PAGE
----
Malibu Seen

Board members Amy Smart and Julia Louis-Dreyfus take the plunge at Heal the Bay's 17th annual Bring Back the Beach Ball. Photo by Derek Goes


When it comes to protecting our waters, Heal the Bay knows how to make waves. And when it comes to throwing a fun-filled fling, the ocean-loving organization knows how to make a splash.

So it comes as no surprise that the 17th annual Bring Back the Beach Ball attracted a sell-out crowd. The Barker Hangar was bopping as celebs sailed in on the blue carpet. The festivities kicked off with a VIP cocktail bash where HTB buddies sipped specialty cocktails while servers made the rounds with Asian-braised short rib cups, ahi tuna tacos with cilantro sauce, stilton cheese and pecan tartlets.

It was a casual kick back on the fashion front with pineapple, palm tree and hula girl Hawaiian tees as far as the eye could see. There was loads of action at the silent auction, where water-themed goodies included a 9 Fish Puffer Fish surfboard, surf camp and ocean-inspired art like Judith Gandel-Golden’s “Malibu Sunset” and Dustin Otterbach’s “Deep Blue.”

In addition to the auction tables, they had plenty of HTB educational booths where you could boost your environmental cred. Surrounded by mounds of beach litter, staffers were quick to point out that the ubiquitous plastic bag has become the ocean’s public enemy number one. Ninety percent of floating debris comes from nasty plasty, which fouls our waters and chokes our finned and feathered friends.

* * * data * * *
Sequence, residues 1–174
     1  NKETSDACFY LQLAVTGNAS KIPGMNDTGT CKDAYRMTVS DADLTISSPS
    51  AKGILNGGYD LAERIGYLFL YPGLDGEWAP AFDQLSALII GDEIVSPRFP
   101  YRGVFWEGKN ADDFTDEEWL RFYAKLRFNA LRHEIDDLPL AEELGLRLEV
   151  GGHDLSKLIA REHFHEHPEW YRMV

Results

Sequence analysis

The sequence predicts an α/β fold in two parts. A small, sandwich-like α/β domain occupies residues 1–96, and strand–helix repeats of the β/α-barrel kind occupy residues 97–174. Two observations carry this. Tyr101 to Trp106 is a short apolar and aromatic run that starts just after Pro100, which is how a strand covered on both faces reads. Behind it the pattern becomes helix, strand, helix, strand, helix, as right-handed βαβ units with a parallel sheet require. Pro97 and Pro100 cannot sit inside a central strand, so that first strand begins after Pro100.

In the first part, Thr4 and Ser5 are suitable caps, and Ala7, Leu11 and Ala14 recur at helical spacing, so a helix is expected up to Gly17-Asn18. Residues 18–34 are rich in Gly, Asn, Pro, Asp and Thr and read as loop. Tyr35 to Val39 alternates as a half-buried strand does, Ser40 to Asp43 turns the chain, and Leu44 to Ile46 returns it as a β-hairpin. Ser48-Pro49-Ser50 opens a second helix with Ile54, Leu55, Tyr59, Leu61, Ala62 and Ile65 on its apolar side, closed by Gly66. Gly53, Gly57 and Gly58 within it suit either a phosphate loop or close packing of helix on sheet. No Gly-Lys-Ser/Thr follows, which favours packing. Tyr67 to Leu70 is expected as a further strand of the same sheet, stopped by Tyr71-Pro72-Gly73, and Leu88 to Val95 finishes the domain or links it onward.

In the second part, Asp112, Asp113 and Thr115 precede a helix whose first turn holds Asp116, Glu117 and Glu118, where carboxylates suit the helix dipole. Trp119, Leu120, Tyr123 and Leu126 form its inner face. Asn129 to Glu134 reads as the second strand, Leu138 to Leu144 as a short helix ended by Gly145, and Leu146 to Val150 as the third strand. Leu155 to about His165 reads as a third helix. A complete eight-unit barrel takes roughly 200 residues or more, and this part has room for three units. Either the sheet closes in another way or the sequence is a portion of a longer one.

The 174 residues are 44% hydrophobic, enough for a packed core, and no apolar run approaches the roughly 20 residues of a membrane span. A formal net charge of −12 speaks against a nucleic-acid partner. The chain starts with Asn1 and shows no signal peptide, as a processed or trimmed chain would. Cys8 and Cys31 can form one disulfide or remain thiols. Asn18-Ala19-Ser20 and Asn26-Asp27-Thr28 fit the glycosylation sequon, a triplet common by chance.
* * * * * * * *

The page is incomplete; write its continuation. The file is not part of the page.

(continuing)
HTB prez Mark Gold said if he could ask everyone in Los Angeles to do one thing it would be to “break your addiction to single-use plastic packaging.”

“Our parents and grandparents didn’t use it,” he observed. “Why should we?”

But there are some bright spots on the horizon. “Yesterday our plastics bill passed the assembly,” said HTB’s Charlotte Stevenson. The measure would add a 25 percent fee on plastic bags at big retail grocery stores and pharmacies. “That’s where most of the bags we find in the ocean come from. It’s going to be a fight, but we have momentum.”

Soon, it was time to toast the evening’s honorees. LA water and power chief H. David Nahai, TV GM Don Corsini and venture capitalist Tom Unterman were all honored for their environmental good deeds.

Guests made their way inside the hangar, which was awash in blue gel lights. There were rippling waves, soothing ocean sounds and rad surf scenes playing on the wide screen. Tables were dressed up in lime-green linen and topped with earthy arrangements of moss and succulents alongside shiny sand pails and small surfboards.

After hearing a few welcoming remarks by Gold and board chair Carl Kravetz, guests tucked into an all-organic and sustainable feast featuring micro-herb and veggie tartar, free-range chicken with sweet coconut glaze and golden beets topped off by sprinkle cookies in the shape of dolphins, all courtesy of Patina.

To wrap it all up, water revelers enjoyed a rockin’ performance by Plain White T’s and Leon Mobley and Da Lion. The event raised more than $650,000 for the organization’s education, outreach and advocacy programs, proving that there’s nothing better than a beach ball when it comes to raising cash and consciousness.